If approved, the drug would be a fantastic new option as an alternative to insulin.
A new treatment for Type-2 diabetes in children has shown promise in a clinical trial, according to a study.
The drug, liraglutide, in combination with an existing medication, metformin, showed a robust effect in treating children with Type-2 diabetes, the results showed.
"This adult diabetes medication was very effective in our trial of youth with Type-2 diabetes and was well tolerated," said study co-author Jane Lynch, Professor at University of Texas Health Science Center at San Antonio in the US.
Currently only two drugs, metformin and insulin, are approved for the treatment of Type 2 diabetes in children in the US.
"We urgently need other options for medical treatment of Type-2 diabetes in our youth under age 18. If approved, this drug would be a fantastic new option to complement oral metformin therapy as an alternative to insulin for our youth and adolescents with Type 2 diabetes," said Lynch.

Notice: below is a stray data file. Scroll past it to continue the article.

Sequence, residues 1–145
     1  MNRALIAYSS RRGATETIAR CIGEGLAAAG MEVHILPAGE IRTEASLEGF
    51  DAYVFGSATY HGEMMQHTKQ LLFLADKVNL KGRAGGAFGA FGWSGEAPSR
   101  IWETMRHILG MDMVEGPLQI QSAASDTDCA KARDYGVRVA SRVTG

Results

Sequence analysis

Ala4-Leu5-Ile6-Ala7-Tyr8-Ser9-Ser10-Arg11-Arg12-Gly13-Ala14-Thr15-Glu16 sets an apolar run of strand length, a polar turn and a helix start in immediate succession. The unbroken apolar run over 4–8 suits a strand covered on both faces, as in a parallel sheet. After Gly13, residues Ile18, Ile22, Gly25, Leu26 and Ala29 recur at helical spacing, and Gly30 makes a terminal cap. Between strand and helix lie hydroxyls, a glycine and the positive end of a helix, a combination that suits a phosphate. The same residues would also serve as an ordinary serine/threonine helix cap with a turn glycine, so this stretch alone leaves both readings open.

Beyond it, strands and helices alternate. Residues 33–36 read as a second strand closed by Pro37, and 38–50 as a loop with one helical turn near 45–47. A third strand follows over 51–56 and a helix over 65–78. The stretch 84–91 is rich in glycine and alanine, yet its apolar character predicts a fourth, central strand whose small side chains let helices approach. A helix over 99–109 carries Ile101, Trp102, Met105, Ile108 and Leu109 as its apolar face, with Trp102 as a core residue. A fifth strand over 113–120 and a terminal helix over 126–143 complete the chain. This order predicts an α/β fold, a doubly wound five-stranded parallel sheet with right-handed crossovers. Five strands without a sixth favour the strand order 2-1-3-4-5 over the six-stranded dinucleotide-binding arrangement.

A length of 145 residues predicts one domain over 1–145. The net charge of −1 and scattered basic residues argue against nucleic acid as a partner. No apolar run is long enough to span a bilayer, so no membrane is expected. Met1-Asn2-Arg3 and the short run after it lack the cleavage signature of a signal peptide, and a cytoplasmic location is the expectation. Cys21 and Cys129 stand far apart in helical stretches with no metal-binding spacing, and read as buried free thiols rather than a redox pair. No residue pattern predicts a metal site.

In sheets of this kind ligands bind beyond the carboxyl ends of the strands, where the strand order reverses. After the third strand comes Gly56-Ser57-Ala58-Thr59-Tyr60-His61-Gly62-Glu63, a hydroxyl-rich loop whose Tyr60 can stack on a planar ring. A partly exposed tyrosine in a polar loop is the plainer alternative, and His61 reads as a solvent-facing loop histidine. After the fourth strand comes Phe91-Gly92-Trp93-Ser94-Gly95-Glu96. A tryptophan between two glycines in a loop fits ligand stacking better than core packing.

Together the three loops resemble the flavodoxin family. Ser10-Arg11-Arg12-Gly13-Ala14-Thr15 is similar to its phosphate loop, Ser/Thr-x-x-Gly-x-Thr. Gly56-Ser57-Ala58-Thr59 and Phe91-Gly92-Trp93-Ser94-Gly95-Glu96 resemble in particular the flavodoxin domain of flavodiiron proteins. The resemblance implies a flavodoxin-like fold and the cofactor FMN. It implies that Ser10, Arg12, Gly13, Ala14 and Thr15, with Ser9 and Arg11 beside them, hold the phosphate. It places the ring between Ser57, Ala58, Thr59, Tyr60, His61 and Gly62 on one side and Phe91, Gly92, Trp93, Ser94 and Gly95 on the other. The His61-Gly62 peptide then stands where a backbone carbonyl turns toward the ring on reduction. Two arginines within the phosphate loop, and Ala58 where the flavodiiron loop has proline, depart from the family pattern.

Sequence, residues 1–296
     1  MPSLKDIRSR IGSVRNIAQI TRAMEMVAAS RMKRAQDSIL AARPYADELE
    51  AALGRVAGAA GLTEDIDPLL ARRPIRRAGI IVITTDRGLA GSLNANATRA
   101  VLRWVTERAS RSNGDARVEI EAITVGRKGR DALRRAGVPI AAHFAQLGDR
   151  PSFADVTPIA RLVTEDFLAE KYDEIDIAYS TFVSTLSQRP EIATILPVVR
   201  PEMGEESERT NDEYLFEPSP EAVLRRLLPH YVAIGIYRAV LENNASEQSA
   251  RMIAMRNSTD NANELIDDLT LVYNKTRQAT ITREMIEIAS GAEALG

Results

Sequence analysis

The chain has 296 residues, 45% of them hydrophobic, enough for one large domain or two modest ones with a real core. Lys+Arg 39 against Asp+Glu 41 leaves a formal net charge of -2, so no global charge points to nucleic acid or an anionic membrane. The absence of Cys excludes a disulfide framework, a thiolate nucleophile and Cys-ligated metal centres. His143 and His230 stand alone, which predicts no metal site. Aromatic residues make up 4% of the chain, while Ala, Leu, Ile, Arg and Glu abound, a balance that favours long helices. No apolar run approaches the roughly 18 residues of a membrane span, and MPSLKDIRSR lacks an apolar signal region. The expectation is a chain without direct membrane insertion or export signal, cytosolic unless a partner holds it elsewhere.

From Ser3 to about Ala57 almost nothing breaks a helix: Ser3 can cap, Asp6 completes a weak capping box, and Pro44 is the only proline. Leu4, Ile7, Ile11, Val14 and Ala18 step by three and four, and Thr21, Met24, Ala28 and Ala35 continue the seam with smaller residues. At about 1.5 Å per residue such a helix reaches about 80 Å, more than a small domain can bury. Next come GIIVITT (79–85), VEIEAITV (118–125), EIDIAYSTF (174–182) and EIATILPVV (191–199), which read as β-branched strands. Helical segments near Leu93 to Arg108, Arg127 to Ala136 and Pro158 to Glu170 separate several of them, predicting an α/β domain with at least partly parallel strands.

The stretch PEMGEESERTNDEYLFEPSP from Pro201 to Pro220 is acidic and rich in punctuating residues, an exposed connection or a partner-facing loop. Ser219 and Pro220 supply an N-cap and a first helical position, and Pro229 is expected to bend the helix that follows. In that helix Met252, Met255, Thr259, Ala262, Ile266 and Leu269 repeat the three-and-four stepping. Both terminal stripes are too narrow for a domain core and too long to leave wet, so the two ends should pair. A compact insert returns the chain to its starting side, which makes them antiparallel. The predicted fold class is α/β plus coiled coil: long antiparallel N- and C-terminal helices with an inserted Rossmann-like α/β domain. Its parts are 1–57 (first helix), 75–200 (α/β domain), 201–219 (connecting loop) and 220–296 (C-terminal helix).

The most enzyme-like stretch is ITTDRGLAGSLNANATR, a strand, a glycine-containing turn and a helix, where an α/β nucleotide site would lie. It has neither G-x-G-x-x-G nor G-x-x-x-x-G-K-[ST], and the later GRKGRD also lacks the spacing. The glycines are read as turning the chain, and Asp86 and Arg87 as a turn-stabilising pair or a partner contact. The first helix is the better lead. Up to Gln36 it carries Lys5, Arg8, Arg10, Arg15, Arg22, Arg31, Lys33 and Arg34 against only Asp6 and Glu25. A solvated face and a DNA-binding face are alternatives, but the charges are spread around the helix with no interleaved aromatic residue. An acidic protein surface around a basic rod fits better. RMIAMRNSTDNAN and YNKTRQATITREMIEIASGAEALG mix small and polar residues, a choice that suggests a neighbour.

The study compared outcomes of 66 children who received liraglutide shots plus metformin pills for 26 weeks with the outcomes of 68 other children who received metformin and a placebo. Children between ages 10 and 17 were eligible for the study.
The research, published in The New England Journal of Medicine, was a randomised, parallel-group, placebo-controlled trial.
The average age of the participant children was 14.6 years, and more than 60 per cent were female.